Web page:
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Thursday, December 27, 2018

Photo Essay: The Last of the San Diego Ranchos, Revived By The Cisco Kid's Pancho

Down Flying Leo Carrillo Lane in Carlsbad...



...just off of Carrillo Way...



...you'll find Rancho de los Kiotes...



...or the Ranch of the Spanish Dagger...



...so named for the barbed succulents that were bountiful on the property (and would stab you as you walked by or, at the very least, catch onto your clothes).



But it's most famous as the "Flying L" Ranch of movie and TV actor Leo Carrillo, whose brand features his initials and a pair of protrusions that would be considered horns on any other ranch, but here represent wings.



At 27 acres, the ranch—now a historic park owned and run by the City of Carlsbad—is considerably smaller than it was in Carrillo's time, but the campus still contains structures like the old caretaker's quarters (now the park office).



It acts as a primer for anyone not so familiar with the cowboy of the big and small screen, most famous for portraying the desperado sidekick on The Cisco Kid, Pancho.



Born in California of Spanish (Castillian) descent, his great-great grandfather was Captain José Raimundo Carrillo, an early Spanish settler of San Diego who'd come north from New Spain (a.k,a. Mexico) as part of the Portola Expedition.



His great grandfather was Carlos Antonio Carrillo, a Californio who served as governor of both Alta California and El Pueblo de Nuestra Señora la Reina de los Ángeles.



After achieving some success in Hollywood, he looked to move somewhere not too close and not too far—somewhere with lots of room for his friend to come and party and stay if they wanted to.



In 1937, he ended up purchasing the Kelly Homestead, founded in 1868. With an old adobe home that needed some fixing up, and two water wells on the property, it fit the bill.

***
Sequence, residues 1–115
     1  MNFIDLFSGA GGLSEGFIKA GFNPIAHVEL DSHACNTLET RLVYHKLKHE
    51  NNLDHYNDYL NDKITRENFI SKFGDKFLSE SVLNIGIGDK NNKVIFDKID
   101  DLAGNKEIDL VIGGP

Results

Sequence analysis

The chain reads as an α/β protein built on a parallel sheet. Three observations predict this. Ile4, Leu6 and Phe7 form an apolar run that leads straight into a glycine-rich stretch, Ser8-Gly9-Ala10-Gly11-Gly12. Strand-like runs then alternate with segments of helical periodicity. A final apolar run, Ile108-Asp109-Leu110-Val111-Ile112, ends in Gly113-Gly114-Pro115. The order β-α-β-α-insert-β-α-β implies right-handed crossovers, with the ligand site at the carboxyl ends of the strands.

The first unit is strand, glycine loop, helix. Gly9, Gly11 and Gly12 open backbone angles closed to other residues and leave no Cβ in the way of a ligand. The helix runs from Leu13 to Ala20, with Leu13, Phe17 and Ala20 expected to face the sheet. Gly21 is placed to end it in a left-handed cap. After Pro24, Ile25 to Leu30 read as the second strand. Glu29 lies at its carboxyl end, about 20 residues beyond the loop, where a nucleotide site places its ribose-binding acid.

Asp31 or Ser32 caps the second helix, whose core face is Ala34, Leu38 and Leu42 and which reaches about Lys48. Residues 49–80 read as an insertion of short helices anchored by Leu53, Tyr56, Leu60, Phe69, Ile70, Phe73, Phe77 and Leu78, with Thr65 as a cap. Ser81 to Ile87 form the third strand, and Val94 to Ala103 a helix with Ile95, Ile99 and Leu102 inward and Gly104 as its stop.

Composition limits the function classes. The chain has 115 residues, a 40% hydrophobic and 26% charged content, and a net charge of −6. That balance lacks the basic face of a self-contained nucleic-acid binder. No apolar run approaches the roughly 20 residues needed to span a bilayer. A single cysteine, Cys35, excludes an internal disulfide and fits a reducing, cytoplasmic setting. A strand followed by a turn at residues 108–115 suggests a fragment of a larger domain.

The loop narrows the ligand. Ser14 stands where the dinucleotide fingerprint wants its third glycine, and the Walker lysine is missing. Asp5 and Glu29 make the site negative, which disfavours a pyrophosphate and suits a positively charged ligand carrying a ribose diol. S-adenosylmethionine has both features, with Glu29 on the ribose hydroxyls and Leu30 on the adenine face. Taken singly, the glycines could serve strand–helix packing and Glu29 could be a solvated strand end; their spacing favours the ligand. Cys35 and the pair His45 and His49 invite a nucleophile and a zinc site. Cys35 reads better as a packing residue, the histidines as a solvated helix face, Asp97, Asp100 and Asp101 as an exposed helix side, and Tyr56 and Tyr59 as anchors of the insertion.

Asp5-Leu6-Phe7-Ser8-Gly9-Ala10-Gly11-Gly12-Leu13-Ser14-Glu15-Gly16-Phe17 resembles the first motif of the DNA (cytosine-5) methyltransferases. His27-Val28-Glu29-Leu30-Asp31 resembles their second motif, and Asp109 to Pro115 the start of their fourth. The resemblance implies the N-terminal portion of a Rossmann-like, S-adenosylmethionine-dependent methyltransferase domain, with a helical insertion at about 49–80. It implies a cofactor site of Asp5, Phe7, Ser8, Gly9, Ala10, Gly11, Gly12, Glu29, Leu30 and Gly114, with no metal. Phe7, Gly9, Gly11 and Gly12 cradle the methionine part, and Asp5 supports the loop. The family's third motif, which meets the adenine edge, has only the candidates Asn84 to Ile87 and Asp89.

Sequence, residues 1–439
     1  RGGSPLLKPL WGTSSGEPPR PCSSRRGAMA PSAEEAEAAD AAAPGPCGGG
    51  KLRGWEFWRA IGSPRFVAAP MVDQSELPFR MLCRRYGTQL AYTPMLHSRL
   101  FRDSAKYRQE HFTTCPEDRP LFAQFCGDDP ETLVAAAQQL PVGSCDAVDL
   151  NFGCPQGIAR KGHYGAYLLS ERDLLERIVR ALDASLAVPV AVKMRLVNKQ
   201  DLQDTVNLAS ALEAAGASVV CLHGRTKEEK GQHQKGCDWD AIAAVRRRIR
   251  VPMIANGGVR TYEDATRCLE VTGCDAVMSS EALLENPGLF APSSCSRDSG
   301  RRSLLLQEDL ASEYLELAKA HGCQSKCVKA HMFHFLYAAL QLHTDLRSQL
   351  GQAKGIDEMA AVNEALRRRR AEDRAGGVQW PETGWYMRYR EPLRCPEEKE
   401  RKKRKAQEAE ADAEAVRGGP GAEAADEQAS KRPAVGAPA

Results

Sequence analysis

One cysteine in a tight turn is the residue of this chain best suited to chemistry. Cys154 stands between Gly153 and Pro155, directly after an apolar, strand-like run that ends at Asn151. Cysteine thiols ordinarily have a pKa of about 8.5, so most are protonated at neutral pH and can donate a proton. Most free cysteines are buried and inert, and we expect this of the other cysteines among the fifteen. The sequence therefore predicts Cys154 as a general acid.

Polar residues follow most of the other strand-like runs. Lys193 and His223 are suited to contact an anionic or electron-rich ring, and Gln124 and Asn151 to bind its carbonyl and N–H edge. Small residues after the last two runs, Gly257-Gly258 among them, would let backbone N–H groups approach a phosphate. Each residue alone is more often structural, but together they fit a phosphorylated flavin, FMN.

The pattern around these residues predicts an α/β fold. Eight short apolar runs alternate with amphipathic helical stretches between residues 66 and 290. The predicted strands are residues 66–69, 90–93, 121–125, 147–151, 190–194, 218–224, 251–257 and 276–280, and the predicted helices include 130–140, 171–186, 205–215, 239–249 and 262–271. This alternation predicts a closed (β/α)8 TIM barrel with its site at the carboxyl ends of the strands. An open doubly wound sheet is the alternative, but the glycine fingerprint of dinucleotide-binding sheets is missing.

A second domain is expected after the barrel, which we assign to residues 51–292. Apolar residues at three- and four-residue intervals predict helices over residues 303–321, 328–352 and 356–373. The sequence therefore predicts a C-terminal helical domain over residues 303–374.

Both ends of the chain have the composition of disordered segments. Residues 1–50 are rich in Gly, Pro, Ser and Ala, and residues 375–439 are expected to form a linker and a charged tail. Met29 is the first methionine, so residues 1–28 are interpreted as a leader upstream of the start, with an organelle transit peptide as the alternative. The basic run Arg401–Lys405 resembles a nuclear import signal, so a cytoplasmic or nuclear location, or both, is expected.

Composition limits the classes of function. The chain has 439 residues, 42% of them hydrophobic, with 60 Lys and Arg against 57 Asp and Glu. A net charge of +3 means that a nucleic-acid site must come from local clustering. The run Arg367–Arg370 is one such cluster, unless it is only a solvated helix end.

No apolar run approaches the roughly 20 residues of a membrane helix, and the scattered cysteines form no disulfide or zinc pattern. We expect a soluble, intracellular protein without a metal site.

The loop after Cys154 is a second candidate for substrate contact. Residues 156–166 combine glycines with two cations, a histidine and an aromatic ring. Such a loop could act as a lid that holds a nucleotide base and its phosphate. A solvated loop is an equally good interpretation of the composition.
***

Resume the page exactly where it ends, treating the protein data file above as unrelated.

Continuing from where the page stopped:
While he'd been looking, Carrillo had said, "I'd like to get an old adobe which was forgotten, but not too late to save, and rebuild it and put it back where it was one hundred years ago."



And that's exactly what he did.



What's now known as The Hacienda had been built of adobe but then covered with wood, with a second story added.



Carrillo returned it to its original splendor, roofed in red terra cotta tiles that were shaped on ladies' thighs—therefore narrower at one end, which made for easy stacking.



All the rooms had fireplaces, but most of the heat just went right up the chimneys. So, in each room, you'll find a niche in the wall where a space heater used to go.



Leo's bedroom still features fabulous Western-style furniture custom-made by Barker Brothers.



And at the entrance to the outdoor kitchen, the sidewalk is inscribed with "Que comen bien," or "Eat well."



The outdoor grill could cook up enough meat and beans for the throngs of people who'd attend Carrillo's regular rodeos and other events on the ranch...



...and the cabaña by the pool would serve up plenty of drinks to wash everything down with.



But just to be sure no one went thirsty, there was also the cantina (now closed to the public), next to the carriage house/carport (which now houses arts and crafts and groomsmen for weddings) and the original wooden chicken coop.



Behind those three structures (just a fraction of the 18 structures, many adobe, that Carrillo constructed for the ranch operation)...



...there's a trail that leads up to Deedie's House.



That's where Carrillo's wife Edith, or "Deedie," would escape the crowds of Leo's Hollywood friends and fellow horsemen...



...and indulge in artistic endeavors, like basketry and pottery.



Leo made his own mark on Deedie's house, with a series of "doodles" carved into the outer walls of the cottage (including one that looks just like a portrait of Will Rogers's head).



One of the more recent restorations on the ranch is the five-stall stable and bunkhouse...



...where Leo used to hang his ropes and saddles and work out of an office upstairs.



Alas, the horses are gone, but Leo's handprints are still on the wall on the upper level. And according to my docent, they're looking at bringing some livestock back to the ranch, like in the old days.

Right now, the rulers of the roost at Leo Carrillo Ranch are the peafowl—shimmering peacocks, the peahens they woo, and the peachicks that result when they're successful.

There's even a white one named Jack.

Alas, it wasn't mating season during my visit, and the peafowl were being shy, not even letting me catch a glimpse of one of them.

And you know what that means: I have to go back.

Related Posts:
Photo Essay: A Silent Movie Cowboy's Retirement Ranch (And His Horse's Final Resting Place)
Walking Box Ranch: Where Clara Bow and Her Hollywood Cowboy Husband Became Real Cattle Ranchers
Photo Essay: Oakridge, An Old Hollywood Celebrity Ranch

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